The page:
Skewer is available from MELPA, which will install the dependencies for you. This package and its dependencies are pure Elisp, meaning setup is a breeze, the whole thing is highly portable, and it works with many browsers.
If Skewer was installed from MELPA, skip to step 3.
- Place dependencies in your
load-pathor load them directly
M-x run-skewerto attach a browser to Emacs
- From a
js2-modebuffer, send forms to the browser to evaluate
The keybindings for evaluating expressions in the browser are just
like the Lisp modes. These are provided by the minor mode
- C-x C-e: Evaluate the form before the point and display the result in the minibuffer. If given a prefix argument, insert the result into the current buffer.
- C-M-x: Evaluate the top-level form around the point.
- C-c C-k: Load the current buffer.
- C-c C-z: Select the REPL buffer.
The result of the expression is echoed in the minibuffer.
css-mode gets a similar set of bindings for modifying
the CSS rules on the current page.
- C-x C-e: Load the declaration at the point.
- C-M-x: Load the entire rule around the point.
- C-c C-k: Load the current buffer as a stylesheet.
browse-url to launch the browser. This may
require further setup depending on your operating system and personal
Multiple browsers and browser tabs can be attached to Emacs at once.
each will echo back the result individually. Use
to see a list of all currently attached clients.
Sometimes Skewer's long polls from the browser will timeout after a
number of hours of inactivity. If you find the browser disconnected
from Emacs for any reason, use the browser's console to call
skewer() to reconnect. This avoids a page reload, which would lose
any fragile browser state you might care about.
To skewer your own document rather than the provided blank one,
- Load the dependencies
- Start the HTTP server (
- Include "http://localhost:8080/skewer" as a script
(see example.html and check your
- Visit the document from your browser
Skewer fully supports CORS so the document need not be hosted by Emacs itself. A Greasemonkey userscript is provided for injecting Skewer into any arbitrary page you're visiting without needing to modify the page on the host. More information below.
skewer.js anywhere or use it directly. Emacs hosts
this script itself, manipulating it in memory before it reaches the
browser. Always access it through the servlet on the Emacs webserver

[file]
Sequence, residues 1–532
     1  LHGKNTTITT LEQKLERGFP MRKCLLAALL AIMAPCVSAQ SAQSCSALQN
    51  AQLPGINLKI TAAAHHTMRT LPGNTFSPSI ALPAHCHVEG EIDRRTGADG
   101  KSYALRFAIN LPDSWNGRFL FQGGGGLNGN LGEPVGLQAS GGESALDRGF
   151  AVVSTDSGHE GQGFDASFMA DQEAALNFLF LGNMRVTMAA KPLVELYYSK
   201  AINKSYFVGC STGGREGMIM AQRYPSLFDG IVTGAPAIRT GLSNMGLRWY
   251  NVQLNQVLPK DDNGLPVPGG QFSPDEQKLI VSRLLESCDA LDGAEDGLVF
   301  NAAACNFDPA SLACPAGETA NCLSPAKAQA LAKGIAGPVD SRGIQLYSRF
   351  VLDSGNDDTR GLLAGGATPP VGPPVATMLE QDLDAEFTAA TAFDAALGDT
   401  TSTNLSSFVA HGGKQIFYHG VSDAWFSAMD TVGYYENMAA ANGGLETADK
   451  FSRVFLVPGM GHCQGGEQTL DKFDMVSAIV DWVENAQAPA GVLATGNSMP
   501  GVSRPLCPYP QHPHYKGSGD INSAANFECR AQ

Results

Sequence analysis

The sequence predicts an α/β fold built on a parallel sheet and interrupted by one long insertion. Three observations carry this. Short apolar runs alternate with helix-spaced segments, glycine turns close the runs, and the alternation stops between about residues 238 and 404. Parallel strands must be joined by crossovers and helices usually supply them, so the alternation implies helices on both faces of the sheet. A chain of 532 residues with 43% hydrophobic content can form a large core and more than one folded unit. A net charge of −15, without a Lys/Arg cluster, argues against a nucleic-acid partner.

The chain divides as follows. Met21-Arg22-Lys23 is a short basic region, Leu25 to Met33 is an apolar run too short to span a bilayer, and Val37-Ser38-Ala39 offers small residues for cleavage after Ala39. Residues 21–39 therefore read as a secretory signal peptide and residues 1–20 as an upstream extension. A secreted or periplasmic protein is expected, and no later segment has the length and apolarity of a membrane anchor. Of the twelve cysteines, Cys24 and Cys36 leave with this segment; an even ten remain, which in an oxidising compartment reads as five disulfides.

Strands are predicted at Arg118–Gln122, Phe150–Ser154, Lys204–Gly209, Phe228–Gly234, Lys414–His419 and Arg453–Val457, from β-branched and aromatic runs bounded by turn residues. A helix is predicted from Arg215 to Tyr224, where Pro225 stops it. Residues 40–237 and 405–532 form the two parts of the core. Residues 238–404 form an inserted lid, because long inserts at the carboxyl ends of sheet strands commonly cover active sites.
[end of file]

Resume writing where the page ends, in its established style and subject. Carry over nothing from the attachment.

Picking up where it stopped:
Skewer is known to work properly with Firefox, Chrome, Safari, Opera,
and IE8+. Except for CSS, Skewer will work in IE7 when
JSON are polyfilled. If you find any
please report it.
A REPL into the browser can be created with
M-x skewer-repl, or C-c
C-z. This should work just like a console within the browser. Messages
can be logged to this REPL with
skewer.log() (just like
Results of expressions evaluated in the REPL are printed more verbosely than in the minibuffer, when possible. This may help in debugging.
M-x skewer-repl-toggle-strict-mode to toggle strict evaluation
for expressions in the REPL. However, be aware of the
consequences of using strict mode.
Evaluation can be done in strict mode but,
unfortunately, because strict mode
eval is neutered the results are
completely at odds with Skewer. It's not possible to create new global
bindings in strict mode, so functions and variables defined in strict
mode evaluations can't be accessed by Skewer again later. If you want
to redefine loaded code in Skewer, make sure you disable strict mode.
However, you can use strict within your functions since this
doesn't effect Skewer's top-level
Skewering with CORS
Skewer supports Cross-origin Resource Sharing (CORS). This
means you can Skewer a document hosted from any server without needing
any special changes on that server, except for including
a script in that document.
If you don't control the server from which you want to skewer pages -- such that you can't add the Skewer's script -- the provided Greasemonkey userscript can be used to inject it into any page you visit. Note that this userscript will assume you're running the Skewer server at http://localhost:8080/ (simple-httpd's default port). If this isn't true, you need to edit the top of the userscript.
The script isn't actually injected until you switch the toggle in the top-right corner, the red/green triangle.
I wanted something like swank-js but without all the painful setup. Having already written an Emacs web server I was halfway there. It took relatively little code to accomplish.
I also didn't want to rely a browser-specific feature, like MozRepl or WebKit's remote debugger (kite).
The name refers to the idea that Emacs is skewering the browser from server-side.